Considering the Corruption Coefficient

Courage to Connect NJ is an organization that seeks to have municipalities consolidate but their mission was just marginalized by a report by the Bloustein Local Government Research Center which concluded:

Once resort communities are separated out from the approximately 500 remaining municipalities, we find that the average cost of municipal government per capita, as demonstrated in each of ten population size groups of municipalities, does not differ significantly between large or small government population groups. The cost of municipal government in 2011 for municipalities under 1,900 population averages $1,271, while those over 40,000 population average $1,340; municipalities having populations between 3,601 and 5,150 experience the least costly local government per capita costs at $1,092!
So $1,300 is about the per-capita cost regardless of municipality size but what the authors in their ivory towers ignore by focusing on raw numbers is that the per-capita cost for smaller localities should be lower possibly by as much as 20% since they typically do not have much of a corruption coefficient.

I live in a relatively small town of 7,000 with a municipal budget of around $15 million.  When people ask why I don’t put in the time watchdogging Kenilworth as I do Union County my usual response is “there’s not so much to steal there.”

When you have $500 million to spend and very few taxpayers watching what you do the temptation to do what benefits you and your campaign donors is irresistible and we get connected lawyers being paid hundreds of thousands of dollars for nuisance lawsuits, a non-profit being paid more hundreds of thousands of dollars annually to do little more than print campaign mailers, and a law firm that gets individual lawyers to pony up $30,000 each election cycle so other lawyers in their firm can bill the county millions of dollars for godawful advice including  pushing a solar panel scheme that will cost taxpayers $15 million but ‘earn’ the firm more millions.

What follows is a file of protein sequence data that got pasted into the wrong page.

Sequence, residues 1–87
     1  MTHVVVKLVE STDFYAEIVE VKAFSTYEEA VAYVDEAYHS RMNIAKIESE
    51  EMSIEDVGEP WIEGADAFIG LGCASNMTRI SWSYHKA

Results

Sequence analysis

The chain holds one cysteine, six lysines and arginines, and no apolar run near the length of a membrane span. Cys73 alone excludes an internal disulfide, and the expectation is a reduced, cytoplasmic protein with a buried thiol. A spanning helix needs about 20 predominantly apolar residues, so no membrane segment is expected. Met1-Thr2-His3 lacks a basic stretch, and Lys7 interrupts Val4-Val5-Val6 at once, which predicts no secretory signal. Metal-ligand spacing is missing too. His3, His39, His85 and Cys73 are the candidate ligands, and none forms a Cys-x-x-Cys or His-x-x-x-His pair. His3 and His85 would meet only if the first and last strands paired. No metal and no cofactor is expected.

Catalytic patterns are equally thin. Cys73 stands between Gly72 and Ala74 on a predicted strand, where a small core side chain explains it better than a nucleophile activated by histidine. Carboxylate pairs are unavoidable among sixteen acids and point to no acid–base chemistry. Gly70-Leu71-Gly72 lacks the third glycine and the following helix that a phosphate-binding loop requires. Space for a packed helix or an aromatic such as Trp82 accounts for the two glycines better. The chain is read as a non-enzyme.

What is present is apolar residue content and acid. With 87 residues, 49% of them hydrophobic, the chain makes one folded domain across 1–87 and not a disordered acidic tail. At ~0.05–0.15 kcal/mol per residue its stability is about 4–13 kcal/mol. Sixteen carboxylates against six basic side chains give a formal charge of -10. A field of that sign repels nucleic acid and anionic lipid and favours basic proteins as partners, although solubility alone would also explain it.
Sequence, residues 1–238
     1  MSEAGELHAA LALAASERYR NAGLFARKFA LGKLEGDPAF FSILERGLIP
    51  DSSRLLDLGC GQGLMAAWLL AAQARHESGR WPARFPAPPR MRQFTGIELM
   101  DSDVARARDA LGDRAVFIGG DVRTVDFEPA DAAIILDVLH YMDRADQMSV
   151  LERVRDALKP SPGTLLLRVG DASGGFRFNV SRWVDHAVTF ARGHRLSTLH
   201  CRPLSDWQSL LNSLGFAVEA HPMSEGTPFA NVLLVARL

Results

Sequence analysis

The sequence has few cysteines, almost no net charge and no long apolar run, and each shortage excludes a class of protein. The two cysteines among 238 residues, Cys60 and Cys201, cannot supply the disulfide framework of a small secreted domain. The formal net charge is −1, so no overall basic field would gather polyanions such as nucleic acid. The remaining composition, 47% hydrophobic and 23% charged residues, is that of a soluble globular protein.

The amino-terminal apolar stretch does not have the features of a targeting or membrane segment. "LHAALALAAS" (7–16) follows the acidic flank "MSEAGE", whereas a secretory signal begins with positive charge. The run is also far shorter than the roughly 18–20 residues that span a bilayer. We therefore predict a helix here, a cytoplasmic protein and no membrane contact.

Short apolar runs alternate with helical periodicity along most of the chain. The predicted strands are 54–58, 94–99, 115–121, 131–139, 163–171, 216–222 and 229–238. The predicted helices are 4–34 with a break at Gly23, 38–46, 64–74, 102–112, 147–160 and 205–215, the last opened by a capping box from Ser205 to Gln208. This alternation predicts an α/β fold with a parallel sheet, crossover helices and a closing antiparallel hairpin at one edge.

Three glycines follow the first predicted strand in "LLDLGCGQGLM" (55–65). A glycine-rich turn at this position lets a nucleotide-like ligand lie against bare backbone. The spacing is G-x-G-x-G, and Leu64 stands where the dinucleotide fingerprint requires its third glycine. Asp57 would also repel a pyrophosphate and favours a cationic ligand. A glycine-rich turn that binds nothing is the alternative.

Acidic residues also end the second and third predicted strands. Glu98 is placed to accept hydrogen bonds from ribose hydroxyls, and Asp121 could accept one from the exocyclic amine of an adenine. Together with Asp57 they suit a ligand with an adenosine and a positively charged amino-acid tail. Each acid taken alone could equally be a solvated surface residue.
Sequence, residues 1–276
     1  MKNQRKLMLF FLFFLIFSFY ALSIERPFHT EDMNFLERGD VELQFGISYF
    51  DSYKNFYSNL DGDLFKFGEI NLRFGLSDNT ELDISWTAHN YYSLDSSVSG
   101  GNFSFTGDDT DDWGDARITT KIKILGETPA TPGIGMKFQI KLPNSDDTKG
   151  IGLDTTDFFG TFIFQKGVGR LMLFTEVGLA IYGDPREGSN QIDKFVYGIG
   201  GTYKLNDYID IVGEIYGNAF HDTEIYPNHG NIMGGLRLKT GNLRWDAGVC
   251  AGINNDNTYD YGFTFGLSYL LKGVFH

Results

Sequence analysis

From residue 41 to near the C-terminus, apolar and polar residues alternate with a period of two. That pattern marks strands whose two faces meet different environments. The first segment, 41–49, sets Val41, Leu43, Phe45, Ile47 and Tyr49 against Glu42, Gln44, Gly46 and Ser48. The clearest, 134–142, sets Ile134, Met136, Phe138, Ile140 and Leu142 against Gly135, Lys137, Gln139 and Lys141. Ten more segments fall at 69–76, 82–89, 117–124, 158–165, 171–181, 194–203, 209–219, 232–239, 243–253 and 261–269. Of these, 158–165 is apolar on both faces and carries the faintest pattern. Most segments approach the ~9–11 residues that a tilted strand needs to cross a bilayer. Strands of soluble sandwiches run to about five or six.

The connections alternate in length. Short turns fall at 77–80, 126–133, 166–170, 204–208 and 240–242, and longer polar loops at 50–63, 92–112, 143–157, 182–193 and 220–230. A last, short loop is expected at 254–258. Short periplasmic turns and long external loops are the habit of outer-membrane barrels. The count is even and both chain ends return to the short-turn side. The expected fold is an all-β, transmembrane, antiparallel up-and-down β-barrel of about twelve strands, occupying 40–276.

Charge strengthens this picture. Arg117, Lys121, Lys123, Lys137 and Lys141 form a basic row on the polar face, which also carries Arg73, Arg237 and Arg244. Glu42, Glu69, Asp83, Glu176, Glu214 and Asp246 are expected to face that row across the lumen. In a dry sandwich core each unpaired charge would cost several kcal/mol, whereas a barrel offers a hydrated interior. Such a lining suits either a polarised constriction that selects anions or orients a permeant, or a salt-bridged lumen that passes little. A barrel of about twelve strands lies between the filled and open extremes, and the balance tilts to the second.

Union County and Kenilworth may each be costing residents $1,300 per capita to run but cut out the corruption coefficient from the Union County budget and that cost drops to $1,100 which Kenilworth residents might also be able to achieve but only if shared services and/or consolidation remain viable options.  This Bloustein report, blatantly ignoring that corruption coefficient in larger municipalities where elections are to book passage on gravy trains, make the chances of either Union County or Kenilworth getting down to that $1,100 less likely.

4 responses to this post.

  1. The coefficient can work the other way too. When you have a small, sleepy government no one pays attention to, you don’t have people like John Bury watchdogging it. Thus more corruption.

    It is my observation in NYC that you have the most corruption where you have the least attention.

    Take the MTA. They had a corruption problem not in the departments that run the subways and buses, which everyone pays attention to, but in their small real estate department, which no one pays attention to. You have other little fiefdoms as well.